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USGS
January 1, 1993

The Pu`u `O`o-Kupaianaha eruption now ranks as the longest-lived historic eruption on the East Rift Zone and the most destructive in Kīlauea's recent history. 

Underwater East Rift exploration reveals a few surprises...
December 11, 1992

The East Rift Zone of Kīlauea Volcano is 130 kilometers long, but only 55 kilometers of the rift is above sea level. The lower 75 kilometers of the rift is submarine and extends east-northeast from Cape Kumukahi to a depth of roughly 5,400 meters (17,700 feet). 

USGS
December 4, 1992

For the past 10 years, most of the evident changes on Kīlauea Volcano have occurred down the east rift zone near and downslope from the Pu`u `O`o and Kupaianaha vents. Last Sunday, a sequence of rockfalls occurred within the summit caldera that modestly changed the size and shape of Halema`uma`u Crater. 

Lava explodes into the sea at Kamoamoa...
November 27, 1992

Lava erupted from the episode 51 vents has been entering the sea at Kamoamoa since November 8. On Tuesday, a new phenomenon was observed. 

Lava continues to flow near Kamoamoa...
November 20, 1992

The eruption from the episode 51 vents has continued without interruption since October 2. The flows crossed the Chain of Craters Road near Kamoamoa in Hawai`i Volcanoes National Park on November 7. Since that time, flows have covered all of the Kamoamoa ruins, campground, parking lot, and picnic area, and have formed perhaps 30 acres of new land.
 

Volcano watchers should beware...
November 6, 1992

The eruption from the episode 51 vents has continued without interruption since October 2. The flows have now advanced to within 300 feet of the Chain of Craters Road inside Hawai`i Volcanoes National Park. The flows advanced over the pali during the last week-and-a-half and came within a quarter of a mile of Chain of Craters Road by early this week.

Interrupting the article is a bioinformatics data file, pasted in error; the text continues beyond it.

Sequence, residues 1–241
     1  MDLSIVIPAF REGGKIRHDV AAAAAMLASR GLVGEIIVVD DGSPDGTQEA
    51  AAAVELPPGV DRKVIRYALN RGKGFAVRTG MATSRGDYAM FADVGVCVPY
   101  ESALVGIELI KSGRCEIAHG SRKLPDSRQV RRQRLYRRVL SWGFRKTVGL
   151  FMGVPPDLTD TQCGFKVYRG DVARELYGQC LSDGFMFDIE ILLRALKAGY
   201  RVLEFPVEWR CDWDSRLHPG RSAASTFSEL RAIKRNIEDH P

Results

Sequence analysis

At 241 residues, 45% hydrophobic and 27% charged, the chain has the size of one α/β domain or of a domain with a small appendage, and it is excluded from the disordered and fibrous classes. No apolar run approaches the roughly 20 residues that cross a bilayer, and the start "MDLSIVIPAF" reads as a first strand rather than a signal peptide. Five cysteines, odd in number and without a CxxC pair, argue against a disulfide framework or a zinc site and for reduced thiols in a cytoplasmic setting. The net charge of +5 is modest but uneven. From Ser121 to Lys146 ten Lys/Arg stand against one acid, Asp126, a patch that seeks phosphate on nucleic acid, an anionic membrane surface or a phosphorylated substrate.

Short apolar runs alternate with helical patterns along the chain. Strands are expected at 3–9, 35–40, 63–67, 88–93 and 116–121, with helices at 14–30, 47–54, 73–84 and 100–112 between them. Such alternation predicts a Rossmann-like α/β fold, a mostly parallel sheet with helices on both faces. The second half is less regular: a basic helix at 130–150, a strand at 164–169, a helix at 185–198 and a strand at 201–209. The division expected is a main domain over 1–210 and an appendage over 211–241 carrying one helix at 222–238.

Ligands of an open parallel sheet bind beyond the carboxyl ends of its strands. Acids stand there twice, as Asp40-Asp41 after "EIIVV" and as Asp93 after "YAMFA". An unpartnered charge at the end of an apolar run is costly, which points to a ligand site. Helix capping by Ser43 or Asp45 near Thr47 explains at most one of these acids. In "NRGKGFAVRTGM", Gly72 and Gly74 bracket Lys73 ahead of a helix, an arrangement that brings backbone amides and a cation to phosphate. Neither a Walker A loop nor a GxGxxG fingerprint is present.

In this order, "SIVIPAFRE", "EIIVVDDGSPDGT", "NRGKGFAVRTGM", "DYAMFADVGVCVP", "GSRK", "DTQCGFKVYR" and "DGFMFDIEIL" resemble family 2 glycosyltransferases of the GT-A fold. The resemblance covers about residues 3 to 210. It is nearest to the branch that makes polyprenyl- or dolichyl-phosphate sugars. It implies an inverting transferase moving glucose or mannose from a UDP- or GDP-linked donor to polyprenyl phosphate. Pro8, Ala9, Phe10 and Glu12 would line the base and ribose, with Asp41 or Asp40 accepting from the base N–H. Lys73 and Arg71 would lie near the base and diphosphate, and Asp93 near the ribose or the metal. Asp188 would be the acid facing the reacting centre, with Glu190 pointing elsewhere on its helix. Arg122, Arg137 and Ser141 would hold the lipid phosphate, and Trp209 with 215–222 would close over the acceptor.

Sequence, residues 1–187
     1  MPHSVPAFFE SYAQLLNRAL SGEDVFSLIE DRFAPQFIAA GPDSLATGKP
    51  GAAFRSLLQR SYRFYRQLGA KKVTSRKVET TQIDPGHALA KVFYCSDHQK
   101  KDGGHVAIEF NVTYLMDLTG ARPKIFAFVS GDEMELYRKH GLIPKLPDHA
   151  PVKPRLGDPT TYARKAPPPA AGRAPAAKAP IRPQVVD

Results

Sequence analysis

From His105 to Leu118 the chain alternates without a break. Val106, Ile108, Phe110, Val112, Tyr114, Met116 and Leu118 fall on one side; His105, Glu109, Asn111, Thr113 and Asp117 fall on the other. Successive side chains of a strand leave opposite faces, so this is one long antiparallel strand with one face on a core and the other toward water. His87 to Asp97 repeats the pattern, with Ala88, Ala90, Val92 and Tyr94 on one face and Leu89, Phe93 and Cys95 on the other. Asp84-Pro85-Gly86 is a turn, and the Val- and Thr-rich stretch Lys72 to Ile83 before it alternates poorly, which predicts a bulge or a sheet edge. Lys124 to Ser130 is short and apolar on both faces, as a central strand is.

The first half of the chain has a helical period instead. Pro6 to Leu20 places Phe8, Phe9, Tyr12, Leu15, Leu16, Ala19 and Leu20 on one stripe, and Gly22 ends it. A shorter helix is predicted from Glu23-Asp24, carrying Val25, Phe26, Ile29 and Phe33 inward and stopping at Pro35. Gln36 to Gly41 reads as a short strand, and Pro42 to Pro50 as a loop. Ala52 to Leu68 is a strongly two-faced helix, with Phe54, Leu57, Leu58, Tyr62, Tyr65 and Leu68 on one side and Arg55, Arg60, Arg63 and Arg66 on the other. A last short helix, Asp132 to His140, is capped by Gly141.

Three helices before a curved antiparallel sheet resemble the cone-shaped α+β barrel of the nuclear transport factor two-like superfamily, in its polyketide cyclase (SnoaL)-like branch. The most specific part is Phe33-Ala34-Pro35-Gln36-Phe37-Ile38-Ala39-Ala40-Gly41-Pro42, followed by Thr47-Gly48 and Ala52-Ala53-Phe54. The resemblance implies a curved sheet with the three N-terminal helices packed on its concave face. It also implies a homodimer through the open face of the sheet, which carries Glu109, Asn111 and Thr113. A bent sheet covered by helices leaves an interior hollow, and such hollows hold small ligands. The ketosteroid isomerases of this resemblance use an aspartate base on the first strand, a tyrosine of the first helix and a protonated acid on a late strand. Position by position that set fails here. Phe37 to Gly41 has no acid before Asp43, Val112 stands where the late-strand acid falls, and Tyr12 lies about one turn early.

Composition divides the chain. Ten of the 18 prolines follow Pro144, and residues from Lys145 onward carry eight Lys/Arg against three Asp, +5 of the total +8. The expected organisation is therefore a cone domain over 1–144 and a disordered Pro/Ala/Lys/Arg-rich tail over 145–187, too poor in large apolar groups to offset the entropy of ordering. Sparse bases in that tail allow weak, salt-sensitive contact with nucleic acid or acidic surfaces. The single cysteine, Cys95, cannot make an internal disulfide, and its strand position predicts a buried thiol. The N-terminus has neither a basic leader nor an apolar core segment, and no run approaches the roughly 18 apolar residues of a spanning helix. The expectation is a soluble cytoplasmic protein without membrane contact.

USGS
October 30, 1992

The 10-year long eruption of Kīlauea Volcano continues from the episode 51 vents located on the west flank of the Pu`u `O`o cone. The flows advanced slowly from October 3 until October 28, when they began to flow over the pali above Kamoamoa.
 

USGS
October 23, 1992

The Hawaiian Volcano Observatory studies mainly the current activity of Hawai`i's volcanoes, and our eruption forecasts are limited to the short-term future (hours, days, months, sometimes a few years). 

Quake starts Kīlauea off on a busy two weeks...
October 16, 1992

The last two weeks have been particularly busy on Kīlauea Volcano. On October 2, starting about 3:30 p.m., the tremor near Pu`u `O`o began to increase, and it appeared as if another phase of the episode 51 eruption would be under way soon.

USGS
October 2, 1992

Over the years, scientists at the Hawaiian Volcano Observatory have developed good techniques for short-term eruption predictions (a few hours to a few days' warning) for Kīlauea and Mauna Loa Volcanoes. However, our capabilities for long-term predictions consist predominantly of educated guesswork. 

New map defines lava flow hazard zones on the Big Island...
September 25, 1992

The U.S Geological Survey has recently published a new, full-sized map which defines the boundaries of nine lava flow hazard zones on the island. This map is an updated version of the page-sized map included in the USGS booklet Volcanic and Seismic Hazards on the Island of Hawaii published in 1990. 

Eyewitness accounts tell terror of huge quake in 1868...
September 18, 1992

Residents of Pahala felt a small earthquake (magnitude 3.7) at 10:22 p.m. on September 10. This earthquake was located a few miles northwest of the town and about 6 miles deep. Although the earthquake caused no damage, this was the site of the largest historic earthquake in Hawaii, which occurred in 1868.